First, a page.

Vitamin A and other malaria treatment have been administered to women
and children during the mother and child health and nutrition action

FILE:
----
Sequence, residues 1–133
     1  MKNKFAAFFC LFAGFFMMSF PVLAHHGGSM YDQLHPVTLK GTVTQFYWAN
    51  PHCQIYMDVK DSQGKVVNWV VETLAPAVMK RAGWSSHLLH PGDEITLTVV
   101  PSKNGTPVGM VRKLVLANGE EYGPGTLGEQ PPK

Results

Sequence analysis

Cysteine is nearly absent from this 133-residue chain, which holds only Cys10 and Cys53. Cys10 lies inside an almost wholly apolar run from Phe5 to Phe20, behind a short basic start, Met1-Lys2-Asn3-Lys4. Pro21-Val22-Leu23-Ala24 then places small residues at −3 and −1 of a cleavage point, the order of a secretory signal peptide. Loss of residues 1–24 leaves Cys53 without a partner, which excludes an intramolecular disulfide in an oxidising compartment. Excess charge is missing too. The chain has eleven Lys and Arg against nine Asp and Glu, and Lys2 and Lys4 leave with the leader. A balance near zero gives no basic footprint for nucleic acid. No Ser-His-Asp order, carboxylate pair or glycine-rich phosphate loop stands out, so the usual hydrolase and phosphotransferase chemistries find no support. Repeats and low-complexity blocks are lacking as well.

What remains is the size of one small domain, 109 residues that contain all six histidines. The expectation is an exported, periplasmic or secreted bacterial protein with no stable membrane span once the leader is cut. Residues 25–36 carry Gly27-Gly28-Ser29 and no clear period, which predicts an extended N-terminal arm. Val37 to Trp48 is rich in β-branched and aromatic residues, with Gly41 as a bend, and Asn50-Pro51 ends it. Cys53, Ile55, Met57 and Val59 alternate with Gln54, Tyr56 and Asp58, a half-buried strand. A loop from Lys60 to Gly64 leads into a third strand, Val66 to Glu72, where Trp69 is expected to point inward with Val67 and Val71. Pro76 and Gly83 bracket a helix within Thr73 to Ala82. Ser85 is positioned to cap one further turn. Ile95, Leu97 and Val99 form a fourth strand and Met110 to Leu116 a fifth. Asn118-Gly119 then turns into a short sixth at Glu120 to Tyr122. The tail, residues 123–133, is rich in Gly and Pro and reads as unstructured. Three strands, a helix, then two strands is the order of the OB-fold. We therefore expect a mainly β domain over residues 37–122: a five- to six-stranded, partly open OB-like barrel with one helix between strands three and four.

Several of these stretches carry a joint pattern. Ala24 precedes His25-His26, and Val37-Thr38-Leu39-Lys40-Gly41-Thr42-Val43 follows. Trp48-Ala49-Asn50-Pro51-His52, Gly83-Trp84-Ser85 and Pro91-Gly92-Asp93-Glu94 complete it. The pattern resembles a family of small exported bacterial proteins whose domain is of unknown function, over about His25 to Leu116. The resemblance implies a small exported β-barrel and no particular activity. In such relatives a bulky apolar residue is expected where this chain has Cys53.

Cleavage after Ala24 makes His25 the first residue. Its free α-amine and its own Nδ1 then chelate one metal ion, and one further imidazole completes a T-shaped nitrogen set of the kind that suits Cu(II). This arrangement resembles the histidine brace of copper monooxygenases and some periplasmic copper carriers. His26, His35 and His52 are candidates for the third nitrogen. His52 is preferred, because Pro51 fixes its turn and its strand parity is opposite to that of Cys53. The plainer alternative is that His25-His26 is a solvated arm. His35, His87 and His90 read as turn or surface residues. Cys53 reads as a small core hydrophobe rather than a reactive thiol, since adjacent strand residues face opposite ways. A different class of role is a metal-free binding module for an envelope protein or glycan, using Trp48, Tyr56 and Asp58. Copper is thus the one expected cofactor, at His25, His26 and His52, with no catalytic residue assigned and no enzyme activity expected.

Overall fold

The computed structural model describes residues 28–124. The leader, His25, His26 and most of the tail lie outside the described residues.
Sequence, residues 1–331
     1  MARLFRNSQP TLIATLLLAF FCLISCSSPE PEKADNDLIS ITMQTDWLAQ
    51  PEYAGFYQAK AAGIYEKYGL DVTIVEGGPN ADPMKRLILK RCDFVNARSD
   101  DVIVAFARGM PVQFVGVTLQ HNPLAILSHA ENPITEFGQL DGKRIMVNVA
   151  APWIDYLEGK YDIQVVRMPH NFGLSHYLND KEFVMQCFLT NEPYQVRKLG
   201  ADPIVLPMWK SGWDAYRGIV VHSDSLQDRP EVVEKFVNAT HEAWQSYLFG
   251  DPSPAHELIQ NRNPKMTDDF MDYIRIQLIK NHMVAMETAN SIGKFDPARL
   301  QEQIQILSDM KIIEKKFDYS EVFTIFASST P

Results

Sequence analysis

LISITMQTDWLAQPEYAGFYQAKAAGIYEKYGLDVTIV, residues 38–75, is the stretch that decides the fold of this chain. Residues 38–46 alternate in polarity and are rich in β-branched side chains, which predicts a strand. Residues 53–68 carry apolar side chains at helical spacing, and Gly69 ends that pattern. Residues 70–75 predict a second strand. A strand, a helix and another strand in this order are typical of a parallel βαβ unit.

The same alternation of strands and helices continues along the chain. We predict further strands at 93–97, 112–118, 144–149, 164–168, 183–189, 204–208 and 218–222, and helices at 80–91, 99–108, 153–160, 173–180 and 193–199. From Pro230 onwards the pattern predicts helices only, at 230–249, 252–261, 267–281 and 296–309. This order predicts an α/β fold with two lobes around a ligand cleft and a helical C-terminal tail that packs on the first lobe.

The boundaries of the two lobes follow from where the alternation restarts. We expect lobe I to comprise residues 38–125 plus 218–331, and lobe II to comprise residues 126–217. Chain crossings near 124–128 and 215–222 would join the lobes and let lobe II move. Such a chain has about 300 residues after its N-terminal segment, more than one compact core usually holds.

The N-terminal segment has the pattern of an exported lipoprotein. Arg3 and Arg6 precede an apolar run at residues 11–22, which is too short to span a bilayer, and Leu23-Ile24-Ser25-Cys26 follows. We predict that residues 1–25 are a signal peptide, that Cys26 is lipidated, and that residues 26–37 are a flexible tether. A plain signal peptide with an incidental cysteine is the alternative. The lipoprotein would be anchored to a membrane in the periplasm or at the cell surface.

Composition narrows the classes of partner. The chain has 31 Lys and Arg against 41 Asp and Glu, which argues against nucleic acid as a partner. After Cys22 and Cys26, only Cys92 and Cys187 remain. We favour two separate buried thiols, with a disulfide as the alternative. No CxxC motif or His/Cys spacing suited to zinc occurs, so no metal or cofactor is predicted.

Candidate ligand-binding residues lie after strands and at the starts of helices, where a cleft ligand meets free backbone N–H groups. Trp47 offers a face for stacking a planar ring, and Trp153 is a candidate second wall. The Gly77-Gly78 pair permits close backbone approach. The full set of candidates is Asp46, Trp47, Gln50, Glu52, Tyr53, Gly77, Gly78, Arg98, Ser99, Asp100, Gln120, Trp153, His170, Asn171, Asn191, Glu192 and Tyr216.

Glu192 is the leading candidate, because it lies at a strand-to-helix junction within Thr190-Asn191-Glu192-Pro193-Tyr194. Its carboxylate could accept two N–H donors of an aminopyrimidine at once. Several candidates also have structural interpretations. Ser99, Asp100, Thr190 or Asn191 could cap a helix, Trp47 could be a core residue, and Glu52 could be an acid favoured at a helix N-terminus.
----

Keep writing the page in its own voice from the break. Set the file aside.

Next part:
Reducing the rate of infant and maternal mortality has been the drive of the immunization week campaign organized by the ministry of Public health in the southern regions of the country. While women who have just given birth have received vitamin A and pregnant ones given the intermittent preventive treatment against malaria, children aged six months to five years have equally been administered the measles vaccine as well as vitamin A. The campaign that took place in district health centres of the different regions was launched by the minister of public health André Mama Fouda, in Eseka, in the Nyong and Nkelle division, Centre region. Statistics show that since 2011, the number of measles infection has been on the rise. Four epidemies were recorded last year, with some 54 confirmed cases from January to February 2012, 249 cases were confirmed in all the regions of the country. In a bid to put the long time scourge at bay, the administration of vaccines to prevent children from getting infected with measles has been the main concern during the campaign. As of now, the vaccination rate in the country stands at 60 percent a situation which according to André Mama Fouda, minister of Public health should have been at 90 percent. In Cameroon, 44 health districts are facing a measles epidemic and there is need for this to be rapidly eradicated. The campaign targeted some two million children, with 100 thousand newly born and 150thousand pregnant women. The health and nutrition week was organized with the support of the World Health Organization, with its representative, Charlotte Faty Ndiaye calling on the promotion of vaccination in Cameroon. The vaccines that were administered free of charge saw the massive turn out of children and women, joining their hands on the plough to combat infant and maternal mortality in the country. The ministry this year brought in other partners such as the councils, the ministry of basic and secondary education to ensure that the targeted number of children both those going to school and those out of school should be met. The various partners expressed their readiness to contribute their own quota in the promotion of health especially for children.The immunization week was also an opportunity to carry out a de-worming exercise. Apart from calling on parents to collaborate fully with health officials, the importance of keeping good hygienic conditions was emphasized. It is estimated that in 10milliion Cameroonians, one out of two suffer from intestinal worms. Some 8million children aged between 4 and 14 years were targeted for the de-worming exercise that took place in 70 health districts across the country. The follow up of children’s hygiene is becoming more and more difficult with some public schools lacking good toilet facilities and some of the food consumed during school hours not properly supervised. The simple act of washing hands after leaving the toilet still has to be over emphasized for it to stick.As the country’s authorities continually to improve on the health care offered the population especially the most vulnerable, women and children, the population equally has to play its role by adopting new ways of bettering their hygienic conditions. Strengthening the immune systems of pregnant women through the administration of intermittent malaria treatment will go a long way to combat the disease known to claim so many lives in the continent.